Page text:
Similar to White Fringetree, but shorter petals and probably less showy. Can grow to be a small tree. Slow growth rate.

White Fringetree

Chionanthus virginicus

D

4–9

F–P

25'–30'

25'–30'

20'–25'

6.0–7.0

X

Also known as Grancy Gray-beard. Popular shrub or small tree with age. Male and female trees. Slow growth rate.

Japanese Clethra

Clethra barbinervis

D

5–7

F–P

10'–20'

8'–15'

5'–10'

5.5–7.0

 

Produces white racemes of slightly fragrant blooms in summer. May grow to a small tree with age. Slow to medium growth rate.

Buckwheat–tree

Cliftonia monophylla

BE

7–9

F–P

6'–12'

4'–10'

3'–8'

5.5–7.0

X

White or pink flowers in racemes. Wetland shrub; may grow to a tree with age. Medium growth rate.

Silky Dogwood

Cornus amomum

D

4–8

F–P

6'–10'

6'–10'

4'–8'

5.5–7.0

X

Small, white flowers in clusters followed by dark bluish fruit. Wetland shrub or small tree in the wild. Medium to fast growth rate.

Drummond's Dogwood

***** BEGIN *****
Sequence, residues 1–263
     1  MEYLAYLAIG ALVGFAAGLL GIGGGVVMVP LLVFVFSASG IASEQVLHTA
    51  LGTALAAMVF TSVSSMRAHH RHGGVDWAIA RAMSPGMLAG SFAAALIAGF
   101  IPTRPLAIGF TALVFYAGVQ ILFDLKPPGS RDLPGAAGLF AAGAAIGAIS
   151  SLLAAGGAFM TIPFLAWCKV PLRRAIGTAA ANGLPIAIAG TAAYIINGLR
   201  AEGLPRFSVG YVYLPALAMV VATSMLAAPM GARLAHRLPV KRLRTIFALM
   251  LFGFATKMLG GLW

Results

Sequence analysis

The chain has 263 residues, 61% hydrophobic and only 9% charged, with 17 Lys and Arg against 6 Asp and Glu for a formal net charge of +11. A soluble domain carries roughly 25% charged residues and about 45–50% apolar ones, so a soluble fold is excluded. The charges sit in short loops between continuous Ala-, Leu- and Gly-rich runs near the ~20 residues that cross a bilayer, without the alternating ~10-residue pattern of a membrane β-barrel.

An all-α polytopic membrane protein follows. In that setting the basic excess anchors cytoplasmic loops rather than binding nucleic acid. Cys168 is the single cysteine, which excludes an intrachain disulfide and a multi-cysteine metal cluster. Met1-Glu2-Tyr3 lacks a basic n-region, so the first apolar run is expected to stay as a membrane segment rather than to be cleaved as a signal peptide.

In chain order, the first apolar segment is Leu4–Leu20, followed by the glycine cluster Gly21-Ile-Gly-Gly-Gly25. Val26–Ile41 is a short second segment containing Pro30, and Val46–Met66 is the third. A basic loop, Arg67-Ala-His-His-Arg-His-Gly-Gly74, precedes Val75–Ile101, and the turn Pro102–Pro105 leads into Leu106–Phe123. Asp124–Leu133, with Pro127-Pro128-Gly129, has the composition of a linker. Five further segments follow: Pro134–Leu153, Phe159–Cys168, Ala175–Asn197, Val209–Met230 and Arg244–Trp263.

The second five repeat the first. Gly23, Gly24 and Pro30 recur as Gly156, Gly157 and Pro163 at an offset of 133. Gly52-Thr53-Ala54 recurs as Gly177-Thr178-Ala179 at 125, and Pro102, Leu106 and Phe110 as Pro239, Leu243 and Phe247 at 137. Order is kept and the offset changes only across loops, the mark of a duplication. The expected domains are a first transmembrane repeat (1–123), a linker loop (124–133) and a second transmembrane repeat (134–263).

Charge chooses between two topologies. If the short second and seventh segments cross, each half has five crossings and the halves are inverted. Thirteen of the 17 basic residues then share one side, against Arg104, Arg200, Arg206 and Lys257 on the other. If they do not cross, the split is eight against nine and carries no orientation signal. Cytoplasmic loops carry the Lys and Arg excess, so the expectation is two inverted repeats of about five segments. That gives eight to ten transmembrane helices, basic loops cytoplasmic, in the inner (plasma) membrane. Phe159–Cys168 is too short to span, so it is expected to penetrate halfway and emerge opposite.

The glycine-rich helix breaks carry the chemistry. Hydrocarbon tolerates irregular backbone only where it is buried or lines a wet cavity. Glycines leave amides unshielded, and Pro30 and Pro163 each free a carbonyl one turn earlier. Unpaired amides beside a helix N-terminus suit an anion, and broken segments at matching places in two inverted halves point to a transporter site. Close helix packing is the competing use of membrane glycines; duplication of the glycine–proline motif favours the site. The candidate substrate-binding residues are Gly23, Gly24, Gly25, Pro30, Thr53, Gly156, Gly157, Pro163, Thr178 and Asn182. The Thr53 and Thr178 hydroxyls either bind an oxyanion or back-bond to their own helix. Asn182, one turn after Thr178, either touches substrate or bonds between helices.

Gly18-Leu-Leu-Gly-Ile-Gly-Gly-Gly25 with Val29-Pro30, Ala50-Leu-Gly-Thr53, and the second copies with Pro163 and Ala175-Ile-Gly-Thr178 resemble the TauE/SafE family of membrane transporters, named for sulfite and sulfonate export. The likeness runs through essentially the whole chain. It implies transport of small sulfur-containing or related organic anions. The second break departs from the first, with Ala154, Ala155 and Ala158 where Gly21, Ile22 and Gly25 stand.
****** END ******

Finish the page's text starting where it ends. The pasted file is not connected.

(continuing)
Cornus drummondii

D

4–9

F–P

20'–25'

10'–20'

10'–20'

5.5–7.0

X

Similar to Silky Dogwood, except fruit are white. Suckers profusely and can be aggressive. Growth rate is slow, but shoots are fast.

Swamp Dogwood

Cornus foemina

D

6–9

F–P

20'–25'

10'–20'

10'–20'

5.5–7.0

X

Very similar to Silky Dogwood, except larger. Wetland shrub or small tree in the wild. Medium to fast growth rate.

Gray Dogwood

Cornus racemosa

D

3–8

F–P

10'–15'

10'–15'

10'–15'

5.5–7.0

X

Similar to Drummond’s Dogwood, except fruit are white to bluish-white and inflorescence more paniculate. Suckers profusely and can be aggressive. Growth rate is slow, but shoots are fast.

Bloodtwig Dogwood

Cornus sanguinea

D

4–8

F–P

6'–15'

6'–15'

5'–7'

5.5–7.0

 

Red stems showy in winter, but needs pruning. Several cultivars available. Growth rate is slow to medium, but fast for suckers.

Fragrant Winterhazel

Corylopsis glabrescens

D

5–8

F–P

8'–15'

8'–15'

6'–10'

5.5–7.0

 

Flowers fragrant. Related to Witchhazel. Can be grown as a small tree. Slow to medium growth rate.